Past Reviews

Regional Reviews: New Jersey

On the Town
Paper Mill Playhouse
Guest Reviewer Tim Dunleavy

Brian Shepard, Jennifer Cody, Tyler Hanes, Kelly Sullivan and Jeffrey Schecter
Paper Mill's new version of On the Town is a revival in every sense of the word. Director Bill Berry and his talented crew have not only restaged the 1944 musical about three sailors spending their 24-hour leave in New York City, they've also breathed new life into it. The result is an exuberant production that is sure to surprise and delight, even if you think you know the show.

While the cast is full of impressive performers, the real star of this On the Town is choreographer Patti Colombo, whose imaginative effort here marks her as one of the major talents in the business. Leonard Bernstein's dynamic score has four ballet numbers, and Colombo rises to the challenge with lively work that never seems stale. Most impressive is the "Imaginary Coney Island" ballet, danced with expressive grace by Tyler Hanes as the lovelorn sailor Gabey and Yvette Tucker as the pinup girl he idolizes.

There's plenty of comedy, too, thanks to the boisterous book by Betty Comden and Adolph Green. The book is dated and kind of corny, but in a good way; and the Bernstein/Comden/Green score finds moments for comedy ("I Can Cook Too"), tenderness (the beautiful "Lucky To Be Me") and sentimentality (the haunting "Some Other Time").

Jennifer Cody scores (in more ways than one) as an uninhibited taxi driver, while Kelly Sullivan shows off a gorgeous soprano and an impressive flair for comedy as a kooky anthropologist. There's also excellent work from Jeffrey Schecter as the goofiest of the sailors, while Bill Nolte is highly enjoyable as Sullivan's doormat of a fiancé.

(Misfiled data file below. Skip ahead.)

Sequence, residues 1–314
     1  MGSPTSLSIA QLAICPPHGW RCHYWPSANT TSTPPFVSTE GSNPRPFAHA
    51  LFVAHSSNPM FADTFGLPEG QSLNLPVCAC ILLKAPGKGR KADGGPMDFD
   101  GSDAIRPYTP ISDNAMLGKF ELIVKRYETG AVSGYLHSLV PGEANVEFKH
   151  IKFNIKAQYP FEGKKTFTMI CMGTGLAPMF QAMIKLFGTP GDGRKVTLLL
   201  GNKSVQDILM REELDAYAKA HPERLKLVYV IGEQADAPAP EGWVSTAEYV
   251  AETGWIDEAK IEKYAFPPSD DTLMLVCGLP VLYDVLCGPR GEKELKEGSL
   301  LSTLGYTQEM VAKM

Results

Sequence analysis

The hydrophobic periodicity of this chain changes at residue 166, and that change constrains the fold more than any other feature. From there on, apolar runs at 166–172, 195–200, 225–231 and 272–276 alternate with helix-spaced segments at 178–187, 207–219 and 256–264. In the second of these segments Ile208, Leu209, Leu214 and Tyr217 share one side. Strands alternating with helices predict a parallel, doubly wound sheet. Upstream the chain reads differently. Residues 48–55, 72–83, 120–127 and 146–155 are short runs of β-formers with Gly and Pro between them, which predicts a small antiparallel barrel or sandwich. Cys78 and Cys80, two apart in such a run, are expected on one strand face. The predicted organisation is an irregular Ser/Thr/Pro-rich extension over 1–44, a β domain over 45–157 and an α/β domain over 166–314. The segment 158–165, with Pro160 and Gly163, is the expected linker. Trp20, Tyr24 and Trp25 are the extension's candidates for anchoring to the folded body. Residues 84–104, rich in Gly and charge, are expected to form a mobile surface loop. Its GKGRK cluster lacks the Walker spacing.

The disappointments are minor. Brian Shepard barely registers as the naïve sailor Chip; his romantic partner Cody overpowers him (again, in more ways than one). Hanes sings and dances impressively as Gabey, but he never quite commands the stage the way the best leading men do. And Tony Award winner Harriet Harris doesn't get the tone right as the comic villainess Madame Dilly; she seems more mean than madcap. (Another Tony winner, Andrea Martin, got more laughs when she played the role in last year's production in New York's City Center Encores! series.)

Kudos must be given to Walt Spangler for his set design, which depicts everything from a subway train to a series of nightclubs in witty and unpredictable ways. It's another example of the high level of creativity that makes this On the Town so special.

On the Town runs through Sunday, December 6, 2009 at the Paper Mill Playhouse, Brookside Drive, Millburn, New Jersey. Ticket prices range from $25 to $92, with student rush tickets available, and may be purchased by calling the box office at 973-376-4343, or in person at the box office, or online at

On the Town
Music by Leonard Bernstein
Book and Lyrics by Betty Comden and Adolph Green
Based on an idea by Jerome Robbins
Directed by Bill Berry
Music Director ... Tom Helm
Choreography ... Patti Colombo
Scenic Design ... Walt Spangler
Costume Design ... David C. Woolard
Lighting Design ... Tom Sturge
Sound Design ... Randy Hansen
Casting Director ... Alison Franck
Production Stage Manager ... Richard C. Rauscher

Ozzie ... Jeffrey Schecter
Chip ... Brian Shepard
Gabey ... Tyler Hanes
Ivy Smith ... Yvette Tucker
Hildy Esterhazy ... Jennifer Cody
Claire DeLoone ... Kelly Sullivan
Madame Maude P. Dilly ... Harriet Harris
Judge Pitkin W. Bridgework ... Bill Nolte
Lucy Schmeeler / Diana Dream / Dolores Dolores ... Tari Kelly
Ensemble: Steven Ted Beckler, Paige Faure, Tyler Foy, Cameron Henderson, Logan Kesler, Dana Maddox, Lindsay Moore, Casey Muha, Caitlin Mundth, Philip Northington, James A. Pierce III, Catherine Ricafort, Rod Roberts, Ryan Sandberg, Michael Scirrotto, Molly Tynes, Kyle Vaughn, Jacob Widman, Paige A. Williams

Photo: Kevin Sprague

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- Bob Rendell

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